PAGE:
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The dance of brushstrokes

Bringing together the art of the two Pradhans in one show was a gesture of sorts by Maya Art Space to correct the gender imbalance

Rita Datta   |   Published 13.08.22, 03:38 AM

Would Sukti Subhra Pradhan have been better known as an artist had she not been overshadowed by her husband, Niranjan? Talented artists’s wives have remained largely unrecognised in this male-dominated domain, be they Lee Krasner and Elaine de Kooning or Bani Mandal and the feisty Amina Kar.

Bringing together the art of the two Pradhans in one show in April was a gesture of sorts by Maya Art Space to correct this gender imbalance. Sukti Subhra’s facility for different media — watercolour, tempera, gouache, pen and ink, linocut — probably encouraged her to explore various stylistic options rooted in the influences that were pronounced in her formative years (pictures). 

Given the smallish selection of works on view, it’s difficult to identify the artist’s signature, but not so her temperament of buoyant romanticism that Nature & Beyond largely focused on. Quick splotches and jabs of paint or ink, brusque smudges, skipping flicks of the brush, and scribbly, wriggly strokes turn out landscapes of poetic reflectiveness. Grey Mood, where the black of the ink seems to leave echoing shadows of grey, and Garden III (in watercolour), in which space breathes free around winding streams and a lone tree, are examples that can be cited. But the best of them is As I Feel II. Her ebullient brush composes in Chinese ink a dance of frisky, irrepressible strokes. Though ink is clearly her forte, her ease in temperas is evident in paintings like Dream Pond, with its hushed and blended colours, and Delightful Woodland, which is more playful with its sprightly trees.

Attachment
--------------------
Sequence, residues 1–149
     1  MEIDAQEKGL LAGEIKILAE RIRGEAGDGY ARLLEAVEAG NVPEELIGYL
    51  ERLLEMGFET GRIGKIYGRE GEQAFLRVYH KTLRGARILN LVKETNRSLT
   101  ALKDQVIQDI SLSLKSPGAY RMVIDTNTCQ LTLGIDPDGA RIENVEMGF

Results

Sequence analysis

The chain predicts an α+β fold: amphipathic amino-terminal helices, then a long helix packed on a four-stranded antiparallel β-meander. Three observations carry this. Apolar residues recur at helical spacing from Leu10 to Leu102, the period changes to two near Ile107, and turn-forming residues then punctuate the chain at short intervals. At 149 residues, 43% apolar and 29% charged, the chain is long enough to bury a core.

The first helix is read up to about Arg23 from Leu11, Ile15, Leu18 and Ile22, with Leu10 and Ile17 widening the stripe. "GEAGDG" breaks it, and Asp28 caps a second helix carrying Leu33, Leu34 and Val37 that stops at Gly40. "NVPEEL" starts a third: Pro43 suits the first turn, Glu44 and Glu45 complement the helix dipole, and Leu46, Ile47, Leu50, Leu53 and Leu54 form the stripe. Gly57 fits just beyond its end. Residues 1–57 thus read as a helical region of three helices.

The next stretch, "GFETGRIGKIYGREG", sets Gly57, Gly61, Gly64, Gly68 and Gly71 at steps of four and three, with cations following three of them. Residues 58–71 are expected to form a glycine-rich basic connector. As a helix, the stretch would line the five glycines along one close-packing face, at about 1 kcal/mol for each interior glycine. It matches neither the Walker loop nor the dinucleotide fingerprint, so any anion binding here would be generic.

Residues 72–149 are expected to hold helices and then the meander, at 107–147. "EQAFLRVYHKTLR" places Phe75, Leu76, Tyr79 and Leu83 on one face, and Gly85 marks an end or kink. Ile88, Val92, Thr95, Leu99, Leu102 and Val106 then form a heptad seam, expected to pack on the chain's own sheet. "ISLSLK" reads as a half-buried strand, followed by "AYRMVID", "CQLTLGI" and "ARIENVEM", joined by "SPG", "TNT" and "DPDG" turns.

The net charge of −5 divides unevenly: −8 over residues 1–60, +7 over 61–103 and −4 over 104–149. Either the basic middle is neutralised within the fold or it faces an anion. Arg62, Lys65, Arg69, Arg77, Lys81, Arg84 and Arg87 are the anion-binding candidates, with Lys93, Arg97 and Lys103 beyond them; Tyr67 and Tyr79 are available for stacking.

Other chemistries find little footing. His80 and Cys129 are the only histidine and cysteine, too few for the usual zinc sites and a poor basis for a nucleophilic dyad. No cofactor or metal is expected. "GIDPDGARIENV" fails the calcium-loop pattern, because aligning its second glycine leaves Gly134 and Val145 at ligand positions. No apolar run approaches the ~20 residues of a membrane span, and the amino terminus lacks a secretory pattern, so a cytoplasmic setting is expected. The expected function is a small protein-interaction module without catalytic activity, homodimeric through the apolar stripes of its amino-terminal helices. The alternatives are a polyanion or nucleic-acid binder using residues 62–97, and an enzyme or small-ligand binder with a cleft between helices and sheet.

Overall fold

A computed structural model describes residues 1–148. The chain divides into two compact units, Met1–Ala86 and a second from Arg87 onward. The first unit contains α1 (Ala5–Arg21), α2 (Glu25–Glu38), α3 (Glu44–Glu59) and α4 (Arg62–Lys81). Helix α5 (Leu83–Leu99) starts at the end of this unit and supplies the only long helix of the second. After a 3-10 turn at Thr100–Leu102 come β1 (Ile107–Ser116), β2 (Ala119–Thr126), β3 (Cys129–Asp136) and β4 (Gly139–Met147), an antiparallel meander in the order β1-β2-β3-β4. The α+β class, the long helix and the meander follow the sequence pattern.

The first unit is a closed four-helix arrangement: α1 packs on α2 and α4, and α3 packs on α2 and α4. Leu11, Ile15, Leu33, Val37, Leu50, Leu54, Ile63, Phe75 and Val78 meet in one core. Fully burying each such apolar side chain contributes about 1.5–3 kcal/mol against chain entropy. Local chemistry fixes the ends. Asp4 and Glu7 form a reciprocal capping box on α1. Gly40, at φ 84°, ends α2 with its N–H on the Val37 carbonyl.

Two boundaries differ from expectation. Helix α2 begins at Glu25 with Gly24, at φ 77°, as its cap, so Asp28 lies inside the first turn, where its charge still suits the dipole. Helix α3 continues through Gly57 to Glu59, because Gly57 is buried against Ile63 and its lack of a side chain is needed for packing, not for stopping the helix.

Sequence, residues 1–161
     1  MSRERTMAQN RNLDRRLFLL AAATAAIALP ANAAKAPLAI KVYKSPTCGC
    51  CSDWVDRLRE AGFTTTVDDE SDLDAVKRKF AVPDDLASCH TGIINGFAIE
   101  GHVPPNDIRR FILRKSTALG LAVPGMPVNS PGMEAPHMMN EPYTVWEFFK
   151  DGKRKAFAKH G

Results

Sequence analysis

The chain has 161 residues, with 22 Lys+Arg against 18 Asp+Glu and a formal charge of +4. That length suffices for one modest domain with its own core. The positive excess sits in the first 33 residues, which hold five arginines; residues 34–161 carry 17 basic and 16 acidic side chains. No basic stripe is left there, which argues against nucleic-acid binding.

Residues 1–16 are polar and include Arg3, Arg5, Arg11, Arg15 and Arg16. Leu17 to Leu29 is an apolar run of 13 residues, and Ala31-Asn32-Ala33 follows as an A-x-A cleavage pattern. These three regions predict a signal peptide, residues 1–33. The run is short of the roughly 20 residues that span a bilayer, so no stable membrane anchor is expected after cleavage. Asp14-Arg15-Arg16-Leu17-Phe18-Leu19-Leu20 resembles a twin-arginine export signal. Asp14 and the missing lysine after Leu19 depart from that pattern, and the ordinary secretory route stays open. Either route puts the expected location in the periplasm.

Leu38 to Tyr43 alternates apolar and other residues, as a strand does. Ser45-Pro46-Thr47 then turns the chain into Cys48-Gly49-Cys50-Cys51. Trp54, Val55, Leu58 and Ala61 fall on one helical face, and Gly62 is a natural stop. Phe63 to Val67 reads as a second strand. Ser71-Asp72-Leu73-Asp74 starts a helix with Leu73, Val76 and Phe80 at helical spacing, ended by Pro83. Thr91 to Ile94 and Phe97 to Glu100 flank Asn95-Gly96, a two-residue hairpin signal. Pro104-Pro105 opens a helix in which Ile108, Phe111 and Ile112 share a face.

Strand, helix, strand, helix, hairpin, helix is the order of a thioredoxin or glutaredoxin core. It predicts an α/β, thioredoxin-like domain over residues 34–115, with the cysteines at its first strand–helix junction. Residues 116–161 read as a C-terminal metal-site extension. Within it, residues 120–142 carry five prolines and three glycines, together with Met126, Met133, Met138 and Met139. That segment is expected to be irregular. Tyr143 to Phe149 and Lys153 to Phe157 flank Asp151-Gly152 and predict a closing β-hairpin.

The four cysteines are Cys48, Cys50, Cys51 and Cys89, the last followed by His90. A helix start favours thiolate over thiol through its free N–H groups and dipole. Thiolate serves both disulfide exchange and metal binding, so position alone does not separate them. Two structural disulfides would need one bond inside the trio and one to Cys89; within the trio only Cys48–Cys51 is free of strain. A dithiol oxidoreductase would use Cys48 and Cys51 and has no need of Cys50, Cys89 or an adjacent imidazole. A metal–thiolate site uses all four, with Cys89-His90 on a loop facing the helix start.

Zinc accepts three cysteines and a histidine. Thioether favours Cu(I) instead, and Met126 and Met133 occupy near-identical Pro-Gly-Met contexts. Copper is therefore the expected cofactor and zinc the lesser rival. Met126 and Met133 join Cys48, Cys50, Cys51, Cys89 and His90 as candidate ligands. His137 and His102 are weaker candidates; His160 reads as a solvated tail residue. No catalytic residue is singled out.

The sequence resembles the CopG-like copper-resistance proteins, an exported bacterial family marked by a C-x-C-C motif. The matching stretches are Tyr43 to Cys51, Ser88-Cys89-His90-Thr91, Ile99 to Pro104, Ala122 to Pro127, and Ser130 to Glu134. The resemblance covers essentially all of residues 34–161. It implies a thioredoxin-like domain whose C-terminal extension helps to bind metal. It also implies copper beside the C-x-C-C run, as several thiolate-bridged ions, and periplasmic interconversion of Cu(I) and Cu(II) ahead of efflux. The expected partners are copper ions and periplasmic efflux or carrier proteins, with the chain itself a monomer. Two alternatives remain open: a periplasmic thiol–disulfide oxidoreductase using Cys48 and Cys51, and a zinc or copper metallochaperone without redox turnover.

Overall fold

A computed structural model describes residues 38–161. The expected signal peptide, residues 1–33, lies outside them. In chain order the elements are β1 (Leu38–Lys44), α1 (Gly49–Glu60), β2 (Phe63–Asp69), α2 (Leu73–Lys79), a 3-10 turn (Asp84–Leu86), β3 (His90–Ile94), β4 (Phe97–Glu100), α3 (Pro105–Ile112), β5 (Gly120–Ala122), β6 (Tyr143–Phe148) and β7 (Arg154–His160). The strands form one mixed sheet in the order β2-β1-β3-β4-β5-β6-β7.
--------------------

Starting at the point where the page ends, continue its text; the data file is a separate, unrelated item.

Niranjan Pradhan’s sculpture, with its lean, faceted contours, has been regularly seen at the shows of his group, the ContemporarySociety of Artists. Over the years, the artist hasn’t deviated much from a style that evolved in the 1970s. But there was one untitled bronze of arresting dynamism that ought to be mentioned: it may have been a homage to Matangini Hazra. What interested one in this show were the sculptor’s paintings, particularly the light-hearted landscapes.



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